Eleanor & Park by Rainbow Rowell

Rowell_eleanor-parkRowell, Rainbow. Eleanor & Park. Westminster, MD: Listening Library Books on Tape, Random House, 2013. Print.

Genre: YA contemporary

Summary: It’s the 1980s. Eleanor is the new girl. She’s a chubby red head with a flamboyant style. Park is not new, but he occupies a shaky place in the pecking order of popularity because he’s half-Korean. His status as a social outcast hangs by a thread. Nonetheless, he shares his seat on the bus with the awkward new girl when no one else will. What buds is that first-ever romance we all remember from our own early years. It starts with music and quickly expands. But Eleanor cannot love Park as openly as she wants to. Her step-dad is abusive and controlling. He has spent most of her adolescence warping her ideas of affection. As a result, Eleanor repeats the cycle of fear, insecurity, abuse, apology, back to fear. If she cannot learn to love, she’ll ruin the best thing she’s ever known: Park.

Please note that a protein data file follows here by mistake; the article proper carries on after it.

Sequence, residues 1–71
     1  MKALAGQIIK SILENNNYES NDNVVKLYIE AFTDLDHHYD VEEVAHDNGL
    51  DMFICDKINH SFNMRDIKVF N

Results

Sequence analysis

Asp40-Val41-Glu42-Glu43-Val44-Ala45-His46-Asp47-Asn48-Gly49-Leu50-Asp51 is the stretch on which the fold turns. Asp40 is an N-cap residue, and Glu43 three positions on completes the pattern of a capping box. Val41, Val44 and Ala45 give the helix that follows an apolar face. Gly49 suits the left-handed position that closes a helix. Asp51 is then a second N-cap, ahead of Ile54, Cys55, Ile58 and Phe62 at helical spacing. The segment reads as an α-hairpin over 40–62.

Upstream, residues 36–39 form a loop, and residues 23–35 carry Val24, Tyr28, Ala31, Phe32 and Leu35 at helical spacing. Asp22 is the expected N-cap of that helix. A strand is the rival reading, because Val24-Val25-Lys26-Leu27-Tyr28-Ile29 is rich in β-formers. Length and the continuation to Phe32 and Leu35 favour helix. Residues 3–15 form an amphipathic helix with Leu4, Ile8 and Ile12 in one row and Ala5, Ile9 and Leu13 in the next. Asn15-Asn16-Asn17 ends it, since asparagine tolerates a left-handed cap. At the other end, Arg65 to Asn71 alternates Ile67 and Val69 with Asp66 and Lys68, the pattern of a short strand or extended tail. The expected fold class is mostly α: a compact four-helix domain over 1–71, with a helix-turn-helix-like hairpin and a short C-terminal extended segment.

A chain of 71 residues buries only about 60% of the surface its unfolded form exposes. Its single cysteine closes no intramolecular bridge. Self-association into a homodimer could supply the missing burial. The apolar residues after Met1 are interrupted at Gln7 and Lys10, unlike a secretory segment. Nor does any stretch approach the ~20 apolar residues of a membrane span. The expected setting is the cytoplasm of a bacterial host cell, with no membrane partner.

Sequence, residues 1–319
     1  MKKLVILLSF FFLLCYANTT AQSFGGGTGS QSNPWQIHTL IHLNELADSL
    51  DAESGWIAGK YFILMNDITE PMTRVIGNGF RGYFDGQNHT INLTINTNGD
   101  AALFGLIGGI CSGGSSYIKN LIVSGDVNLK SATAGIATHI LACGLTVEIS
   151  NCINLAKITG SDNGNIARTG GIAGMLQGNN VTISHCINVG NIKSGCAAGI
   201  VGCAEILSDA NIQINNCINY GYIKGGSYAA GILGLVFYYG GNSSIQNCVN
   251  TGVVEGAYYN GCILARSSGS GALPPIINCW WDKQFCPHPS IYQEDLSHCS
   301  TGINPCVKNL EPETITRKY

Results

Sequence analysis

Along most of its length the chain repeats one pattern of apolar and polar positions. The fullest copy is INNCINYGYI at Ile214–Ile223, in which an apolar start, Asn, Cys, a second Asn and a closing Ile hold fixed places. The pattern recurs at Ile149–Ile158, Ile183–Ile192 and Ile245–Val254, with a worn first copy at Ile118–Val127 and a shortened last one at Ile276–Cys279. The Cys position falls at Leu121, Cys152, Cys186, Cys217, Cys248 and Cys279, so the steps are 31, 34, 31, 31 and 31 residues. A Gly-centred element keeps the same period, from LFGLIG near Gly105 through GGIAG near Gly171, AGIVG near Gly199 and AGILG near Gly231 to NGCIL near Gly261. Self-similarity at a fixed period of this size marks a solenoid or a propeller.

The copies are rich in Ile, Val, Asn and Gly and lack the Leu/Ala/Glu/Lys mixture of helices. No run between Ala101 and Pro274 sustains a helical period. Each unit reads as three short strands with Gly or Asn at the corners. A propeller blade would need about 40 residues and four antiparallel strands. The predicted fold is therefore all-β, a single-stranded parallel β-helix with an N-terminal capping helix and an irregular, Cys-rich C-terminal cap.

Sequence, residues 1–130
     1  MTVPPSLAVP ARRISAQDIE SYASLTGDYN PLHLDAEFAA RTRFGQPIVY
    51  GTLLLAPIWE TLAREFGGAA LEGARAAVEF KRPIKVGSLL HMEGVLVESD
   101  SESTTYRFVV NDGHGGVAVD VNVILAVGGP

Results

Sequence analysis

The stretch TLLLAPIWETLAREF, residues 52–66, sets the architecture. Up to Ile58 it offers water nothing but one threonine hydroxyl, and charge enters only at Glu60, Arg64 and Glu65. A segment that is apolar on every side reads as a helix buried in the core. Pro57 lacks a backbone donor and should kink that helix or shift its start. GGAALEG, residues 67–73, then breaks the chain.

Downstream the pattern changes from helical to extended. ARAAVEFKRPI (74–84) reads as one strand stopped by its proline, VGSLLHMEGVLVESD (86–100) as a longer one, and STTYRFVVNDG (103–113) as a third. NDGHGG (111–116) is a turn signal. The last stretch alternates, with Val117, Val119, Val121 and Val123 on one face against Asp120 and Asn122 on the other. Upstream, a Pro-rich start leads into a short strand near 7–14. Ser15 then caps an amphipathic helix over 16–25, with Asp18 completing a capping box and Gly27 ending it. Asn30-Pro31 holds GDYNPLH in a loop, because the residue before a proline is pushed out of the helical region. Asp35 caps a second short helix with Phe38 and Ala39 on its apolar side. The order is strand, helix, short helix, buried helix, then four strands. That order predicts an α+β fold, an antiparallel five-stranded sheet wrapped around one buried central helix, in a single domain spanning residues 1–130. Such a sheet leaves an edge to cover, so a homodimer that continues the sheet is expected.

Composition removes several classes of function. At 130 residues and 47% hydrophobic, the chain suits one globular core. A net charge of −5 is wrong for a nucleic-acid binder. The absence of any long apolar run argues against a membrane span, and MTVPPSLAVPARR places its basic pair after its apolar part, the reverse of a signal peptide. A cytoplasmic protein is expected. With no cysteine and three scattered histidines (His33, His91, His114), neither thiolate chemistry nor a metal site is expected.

Critique: The point of view alternates between Eleanor and Park. Sometimes this creates rapid-fire exchanges during the tensest or most romantically climactic moments. The reader gets a mix of diverging perceptions and coalescing emotions. If you’ve left adolescence, Rowell will rekindle for your all the feelings and physiological experiences of first love. If you’re still caught in the teeth of growing up, her book serves as a realistic road map. Either way, Rowell avoids all the clichés that usually haunt this category of teen fiction. No hearts throbbing or cheeks flushing here. Instead, bones melt, chests fold inside out. And the intensity flares from the simple firsts (not just sex): nudging fingers, holding hands, staring into another’s eyes for the first time with intensity. Where Rowell really shines is with Eleanor’s story of domestic abuse. Rowell paints the delicate lines of mental violence inflicted by Eleanor’s step-dad, Richie. She portrays the mom not as an idiot for staying, but as an intelligent woman with a broken spirit. For those who’ve known this existence, the book will prove hard to read. It will dance too close to home, but I urge you to reach the end, to seek the hope hiding in the smallest gestures and treasures.

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